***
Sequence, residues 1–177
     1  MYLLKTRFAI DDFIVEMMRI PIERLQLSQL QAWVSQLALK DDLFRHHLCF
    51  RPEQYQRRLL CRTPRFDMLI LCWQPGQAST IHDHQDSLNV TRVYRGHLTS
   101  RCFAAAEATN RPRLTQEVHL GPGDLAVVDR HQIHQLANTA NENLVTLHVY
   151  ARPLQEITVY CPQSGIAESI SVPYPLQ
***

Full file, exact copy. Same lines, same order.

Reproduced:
Sequence, residues 1–177
     1  MYLLKTRFAI DDFIVEMMRI PIERLQLSQL QAWVSQLALK DDLFRHHLCF
    51  RPEQYQRRLL CRTPRFDMLI LCWQPGQAST IHDHQDSLNV TRVYRGHLTS
   101  RCFAAAEATN RPRLTQEVHL GPGDLAVVDR HQIHQLANTA NENLVTLHVY
   151  ARPLQEITVY CPQSGIAESI SVPYPLQ